On my first visit there, I set out for a clump of pine trees behind and to the south of the house, spotting a ruin and some small structures there.  After a brief and welcome pause amidst the clump (did you think there were bathrooms in Port Oneida?), I savored some of the most picturesque finds of the whole venture.

There is a heaped up ruin:
But there is also a sweet little pair of dog houses (which I later realized even show up on the park service plan) next to which rests an old wooden rowboat.

The only other boat I spotted in my Port Oneida travels was, fittingly, at Jenny's natal home, sidled up next to the mixed granite foundation of the Goffar barn on the shore of Narada Lake:
But back to Peter and Jenny. Strewn about the edge of the field were several old farm implements, including this disk harrow, looking very John Deere in its green remnants:
A pair of puffballs:
And a clothesline sentinel:
But no coop. Venturing in the other direction, to the north of the house, I spotted another ruin and, standing near it, yet another small structure.
The ruined building has been allowed to rest where it fell. The end walls have simply fallen in toward the center and the old foundation is still visible and intact.
A closer look reveals a tangle of ancient chicken-wire:
I spent some time climbing gingerly around the periphery of the ruin, trying to pick out nesting boxes or any other telltale sign. Nothing, although I'm pretty well convinced it was a coop. Finally, I turned my attention to its slightly forlorn companion.

There, on the side opposite the ruined coop, is a little door. The paper wasp standing sentry and I eyed each other at length.
I was slightly nervous about the proximity of a stinging insect, but I braved its nearness all the same because of what I spotted inside this lovely little brooder coop. At first, I couldn't believe it, but then I reached in and pulled it farther out into the light:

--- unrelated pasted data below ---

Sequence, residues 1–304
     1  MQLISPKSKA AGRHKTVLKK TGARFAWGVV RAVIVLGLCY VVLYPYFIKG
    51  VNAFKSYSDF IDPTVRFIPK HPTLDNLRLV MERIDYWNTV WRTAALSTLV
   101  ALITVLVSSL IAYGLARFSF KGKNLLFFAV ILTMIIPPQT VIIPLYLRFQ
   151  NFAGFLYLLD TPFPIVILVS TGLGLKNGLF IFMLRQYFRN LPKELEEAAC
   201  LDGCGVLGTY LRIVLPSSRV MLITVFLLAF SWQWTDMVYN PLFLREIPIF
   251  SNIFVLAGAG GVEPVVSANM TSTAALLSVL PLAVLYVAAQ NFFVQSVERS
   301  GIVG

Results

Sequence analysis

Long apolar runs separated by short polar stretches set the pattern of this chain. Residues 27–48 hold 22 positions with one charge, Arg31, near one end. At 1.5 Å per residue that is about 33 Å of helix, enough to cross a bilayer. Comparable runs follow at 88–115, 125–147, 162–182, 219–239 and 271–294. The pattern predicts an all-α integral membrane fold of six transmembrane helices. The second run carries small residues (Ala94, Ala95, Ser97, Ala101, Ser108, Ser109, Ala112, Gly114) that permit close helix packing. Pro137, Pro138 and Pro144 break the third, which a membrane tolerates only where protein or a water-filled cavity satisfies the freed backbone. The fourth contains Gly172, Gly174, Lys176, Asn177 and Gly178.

Those of you who've spent any time around them will know that what I saw was a galvanized feeder trough for chicks! I doubt that it has resided there continuously from the days the coop was still in service. Like so many Port Oneida structures, this one has likely been restored and the trough was simply re-placed in the building. But its presence feels right and I sang a little song in my head at the sight of it.

And then I wrestled with myself because I found myself coveting the trough. I thought through the options. If I left it, how many more visitors would it be before some cretin spied it, scooped it up, popped it in his trunk and carried it back as a trophy to some "ye olde country style" family room to be hung on a wall as one of a constellation of stupid decorations? But if I took it, I'd be removing government property and--and this is the decisive consideration--depriving someone else of the utter thrill of discovery. I have to believe that before the cretin someone else will come along with a keen eye and enough knowledge of history and agriculture to understand what she is seeing inside the brooder coop. And that she will, in that moment, feel the same thrill and sing a version of the song I've just sung to myself. So I carefully slid the feeder back into the darkness of a corner of the brooder coop, back perhaps a little farther than it was when I found it, and I left it for another explorer to discover. Perhaps even one of you reading this will be that explorer...